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1. Dear *****, the first thing you need to realise is that dementia does not automatically preclude the signing of a codicil, because if it could be shown by medical evidence that the person was lucid and had legal capacity at the time they signed the codicil, then that would be good and sufficient legal capacity. However, here, because the person was suffering from dementia from 2009 and there was no evidence of the person being lucid and having legal capacity when the codicil was signed in 2011, then the codicil will be struck down for lack of legal capacity when it was signed. However, be aware that litigation will be necessary to reach this point, unless the executor of the will agrees to this course of action.
2. Essentially, the issue of legal capacity is dealt with by the person contesting the will entering a caveat to the will to contest the administration of the will. Then executor will then appear to the caveat and seek to have it struck out. Then the issue of lack of capacity at the time of the making of the codicil gets litigated and dealt with, unless the executor accepts the claims of lack of capacity at the time of the signing of the codicil. So, if you are challenging this codicil, you should get yourself a solicitor and enter a codicil. I would advise you to get yourself a solicitor from the outset, so you are prepared for litigation.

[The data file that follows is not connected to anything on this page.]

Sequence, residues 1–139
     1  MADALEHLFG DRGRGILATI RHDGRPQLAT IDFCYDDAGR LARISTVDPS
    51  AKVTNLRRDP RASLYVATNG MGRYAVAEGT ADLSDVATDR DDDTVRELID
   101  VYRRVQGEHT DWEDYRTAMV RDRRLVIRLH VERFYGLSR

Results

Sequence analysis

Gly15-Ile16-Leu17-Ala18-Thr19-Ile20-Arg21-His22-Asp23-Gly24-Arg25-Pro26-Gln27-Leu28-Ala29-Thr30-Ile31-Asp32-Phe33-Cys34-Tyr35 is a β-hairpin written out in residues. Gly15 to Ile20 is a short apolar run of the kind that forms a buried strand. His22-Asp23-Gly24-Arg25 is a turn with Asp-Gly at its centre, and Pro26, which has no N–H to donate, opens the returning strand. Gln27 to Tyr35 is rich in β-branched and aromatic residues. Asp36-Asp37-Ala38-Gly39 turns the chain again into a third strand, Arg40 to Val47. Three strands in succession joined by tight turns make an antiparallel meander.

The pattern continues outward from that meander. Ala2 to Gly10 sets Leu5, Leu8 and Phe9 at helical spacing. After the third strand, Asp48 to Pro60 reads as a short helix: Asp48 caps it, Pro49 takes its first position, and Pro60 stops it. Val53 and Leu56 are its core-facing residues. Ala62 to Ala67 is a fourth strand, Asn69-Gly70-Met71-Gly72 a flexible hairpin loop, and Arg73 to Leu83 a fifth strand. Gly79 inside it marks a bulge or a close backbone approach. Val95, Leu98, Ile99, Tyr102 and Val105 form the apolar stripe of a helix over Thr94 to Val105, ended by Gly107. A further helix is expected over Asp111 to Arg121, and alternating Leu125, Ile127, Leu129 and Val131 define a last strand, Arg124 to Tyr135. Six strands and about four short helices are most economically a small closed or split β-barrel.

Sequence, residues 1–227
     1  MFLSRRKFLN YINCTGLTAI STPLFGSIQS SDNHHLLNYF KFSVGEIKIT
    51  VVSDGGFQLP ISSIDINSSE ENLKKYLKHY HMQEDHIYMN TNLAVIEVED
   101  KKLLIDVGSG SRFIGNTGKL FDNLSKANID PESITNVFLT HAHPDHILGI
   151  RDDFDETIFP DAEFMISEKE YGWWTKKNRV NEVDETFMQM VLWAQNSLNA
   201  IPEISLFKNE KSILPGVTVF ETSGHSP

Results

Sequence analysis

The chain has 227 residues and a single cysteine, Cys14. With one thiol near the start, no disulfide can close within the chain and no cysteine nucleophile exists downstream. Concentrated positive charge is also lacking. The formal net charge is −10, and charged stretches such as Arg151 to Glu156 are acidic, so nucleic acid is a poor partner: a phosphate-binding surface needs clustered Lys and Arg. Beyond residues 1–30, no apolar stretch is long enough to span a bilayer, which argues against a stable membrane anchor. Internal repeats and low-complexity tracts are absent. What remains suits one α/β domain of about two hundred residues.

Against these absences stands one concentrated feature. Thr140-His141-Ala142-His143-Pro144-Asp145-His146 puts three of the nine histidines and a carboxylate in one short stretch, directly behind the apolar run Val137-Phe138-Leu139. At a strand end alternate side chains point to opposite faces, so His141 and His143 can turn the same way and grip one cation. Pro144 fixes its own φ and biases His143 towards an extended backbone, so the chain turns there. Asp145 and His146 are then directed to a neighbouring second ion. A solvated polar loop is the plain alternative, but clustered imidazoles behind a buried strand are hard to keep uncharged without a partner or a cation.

3. Be aware that a claim that a person was coerced by the legal firm into signing the codicil will never pass muster, unless it can be shown that someone in the legal firm was going to benefit. Solicitors and law firms are taken to be disinterested parties.
4. There is an error in part 2. I should have said 'you should get yourself a solicitor and enter a caveat'. Not a codicil.
5. Be aware that if a person with dementia was to validly make a codicil, the solicitor would have had to have got an independent medical person, preferably a psychiatrist or psychotherapist, in attendance at the time of the signing and witnessing of the codicil, who would attest to their lucidity and legal capacity at the time of the making of the codicil. The medical person would have to attest to the medical tests carried out to determine the issue of legal capacity.
6. In your question, you haven't stated whether the person has died yet or not? However, the procedure I have outlined is what happens when the person has died. Otherwise, the issue of legal capacity to make the codicil cannot be dealt with until the person has died. There is no way to strike down a codicil made without legal capacity whilst the person is living.
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